We, the nurses and members of Guyana Public Service Union (GPSU), disassociate ourselves from the article by Mr Sase Singh in the Kaieteur News of May 11, 2016.
The article shows clearly that Mr Singh is trying to misinform the readership and is not au fait with the nurses-GPSU relationship. In this regard he is not competent or privileged to speak on our behalf. Our continued relationship with the GPSU has resulted in several successful representations being made that redound to the benefit of the members (nurses). These include:
- Compensation for higher education
- Increase in uniform allowance
- Increase in meals allowance
- Risk allowance for nurses attached to
the Psychiatric Hospital
- Representation that resulted in the reinstatement of several nursing staff members
- Education programmes locally and overseas that benefit nurses
- Representation for gratuity payments to nurses at the Linden Hospital Complex
- Other benefits
While we recognize that there are adverse conditions facing us in the daily execution of our duties, we are caring people who take into consideration the safety, health, care and well-being of our fellow humans. In this regard we will continue to offer due care and consideration, under the guidance of our union, when it comes to respond to the conditions facing us. This does not mean that we will indefinitely sit idly by and allow our rights to be trampled upon continually.
Mr Singh stated that “if one evaluates the past salary deliberations between the GPSU and the Jagdeo/ Ramotar administrations, one can find a history of underperformance, weak militancy, and poor advocacy.” It seems as though Mr Singh has just awoken from his Rip Van Winkle-like slumber, since he fails to recognize the Jagdeo/Ramotar administrations did not care for good governance, the rule of law, the constitution or the ILO conventions ratified by the Parliament of Guyana. Our union made repeated calls for collective bargaining agreements to be honoured. However, this fell on deaf ears which resulted in us, the nurses, led by our union, taking protest action in 2013, 2014 and 2015.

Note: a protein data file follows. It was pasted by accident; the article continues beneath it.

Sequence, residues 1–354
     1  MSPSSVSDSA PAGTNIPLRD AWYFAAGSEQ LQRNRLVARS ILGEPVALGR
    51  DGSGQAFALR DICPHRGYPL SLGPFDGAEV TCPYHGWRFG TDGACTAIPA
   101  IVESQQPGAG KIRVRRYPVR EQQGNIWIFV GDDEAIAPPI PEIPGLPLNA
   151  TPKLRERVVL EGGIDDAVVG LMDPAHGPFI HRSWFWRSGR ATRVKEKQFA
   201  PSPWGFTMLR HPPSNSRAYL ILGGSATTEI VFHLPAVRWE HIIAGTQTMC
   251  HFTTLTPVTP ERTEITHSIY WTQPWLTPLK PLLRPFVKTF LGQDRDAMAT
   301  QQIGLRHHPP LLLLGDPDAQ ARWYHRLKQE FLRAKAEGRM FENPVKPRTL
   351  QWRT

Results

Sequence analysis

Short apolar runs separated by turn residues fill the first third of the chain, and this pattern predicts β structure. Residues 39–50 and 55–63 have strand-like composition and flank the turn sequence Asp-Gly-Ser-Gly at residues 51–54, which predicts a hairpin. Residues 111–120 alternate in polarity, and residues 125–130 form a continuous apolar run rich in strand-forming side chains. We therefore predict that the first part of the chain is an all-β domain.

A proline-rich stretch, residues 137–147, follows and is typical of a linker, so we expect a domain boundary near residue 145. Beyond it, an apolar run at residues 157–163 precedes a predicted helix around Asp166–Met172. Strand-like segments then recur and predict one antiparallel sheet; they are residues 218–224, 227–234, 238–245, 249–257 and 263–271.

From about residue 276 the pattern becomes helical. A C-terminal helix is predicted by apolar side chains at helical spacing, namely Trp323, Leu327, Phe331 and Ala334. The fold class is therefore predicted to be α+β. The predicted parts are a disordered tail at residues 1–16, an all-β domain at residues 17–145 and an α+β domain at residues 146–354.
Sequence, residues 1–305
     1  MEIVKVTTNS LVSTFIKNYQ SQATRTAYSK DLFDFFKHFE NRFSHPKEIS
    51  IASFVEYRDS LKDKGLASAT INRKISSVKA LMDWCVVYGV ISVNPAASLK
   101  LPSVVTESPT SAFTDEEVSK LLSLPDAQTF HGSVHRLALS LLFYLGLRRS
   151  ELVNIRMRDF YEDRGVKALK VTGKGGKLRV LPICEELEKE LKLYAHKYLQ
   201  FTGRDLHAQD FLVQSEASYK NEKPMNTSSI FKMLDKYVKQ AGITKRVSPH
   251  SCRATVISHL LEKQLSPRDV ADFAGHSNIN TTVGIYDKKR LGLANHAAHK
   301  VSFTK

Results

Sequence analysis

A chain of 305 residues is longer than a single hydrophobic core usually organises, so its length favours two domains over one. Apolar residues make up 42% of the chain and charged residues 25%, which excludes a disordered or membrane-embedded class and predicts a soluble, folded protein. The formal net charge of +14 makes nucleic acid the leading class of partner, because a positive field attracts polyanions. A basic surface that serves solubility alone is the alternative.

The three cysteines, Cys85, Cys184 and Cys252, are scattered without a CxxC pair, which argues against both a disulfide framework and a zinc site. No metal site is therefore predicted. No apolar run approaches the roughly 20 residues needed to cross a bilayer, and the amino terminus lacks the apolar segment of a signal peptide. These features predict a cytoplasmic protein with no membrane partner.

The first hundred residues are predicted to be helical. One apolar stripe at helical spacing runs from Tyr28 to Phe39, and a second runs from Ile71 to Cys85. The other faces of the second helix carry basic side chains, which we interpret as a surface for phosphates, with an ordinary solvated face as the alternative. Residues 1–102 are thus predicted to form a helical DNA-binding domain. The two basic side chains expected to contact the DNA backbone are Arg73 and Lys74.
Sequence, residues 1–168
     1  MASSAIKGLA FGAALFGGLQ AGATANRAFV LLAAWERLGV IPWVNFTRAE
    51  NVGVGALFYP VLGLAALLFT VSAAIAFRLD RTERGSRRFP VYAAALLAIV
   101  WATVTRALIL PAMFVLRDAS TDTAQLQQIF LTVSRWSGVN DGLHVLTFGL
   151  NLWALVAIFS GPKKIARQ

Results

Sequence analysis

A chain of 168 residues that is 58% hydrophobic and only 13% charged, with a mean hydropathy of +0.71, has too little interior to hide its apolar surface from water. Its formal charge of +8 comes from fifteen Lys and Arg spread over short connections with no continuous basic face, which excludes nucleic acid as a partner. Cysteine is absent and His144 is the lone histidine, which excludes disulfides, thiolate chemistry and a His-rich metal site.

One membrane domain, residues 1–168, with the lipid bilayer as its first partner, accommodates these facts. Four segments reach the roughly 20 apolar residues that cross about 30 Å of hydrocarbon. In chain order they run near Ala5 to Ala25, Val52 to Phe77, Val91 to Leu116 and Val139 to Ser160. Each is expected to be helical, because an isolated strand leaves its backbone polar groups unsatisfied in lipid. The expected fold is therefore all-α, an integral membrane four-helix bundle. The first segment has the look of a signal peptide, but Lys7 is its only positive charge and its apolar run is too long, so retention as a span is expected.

While we the nurses agree we all deserve a living wage, one must recognize that the GPSU is not the only stakeholder; the Ministry of Labour plays a pivotal role in the industrial relations climate and we are aware that many times matters which were sent to them by the GPSU for conciliation were not resolved, or were not even dealt with in some cases ‒ for example in 2013 when the GPSU approached the Ministry of Labour for conciliation in the wages and salary dispute, and an imposition was made and the Ministry of Labour shelved the matter. Also many nurses are still traumatized after been shot with pellets in the 1999 strike and some still have pellets in their bodies.
It is not for Mr Singh to advocate a change in the leadership of the union. The union is a democratic organization where every member has a chance to elect its leaders once the rules are observed. This is done every four years.
With respect to the suggestion of an interim pay-out we, the nurses, welcome this suggestion and we are of the firm view that our union will not object to same but continue to make representation and demand that negotiations for wages, salaries and allowances be commenced and concluded expeditiously.
We, the nurses, feel insulted by the reference being made to the GPSU as the George Daniels Union. Just in case Mr Singh is not up to date with information, George Daniels deserted the GPSU at a most critical time in its history.
Let it also be known that without the GPSU, the most outstanding union in Guyana under its current leadership, our conditions of service would have been worse.
A Brutus and 44 other nurses’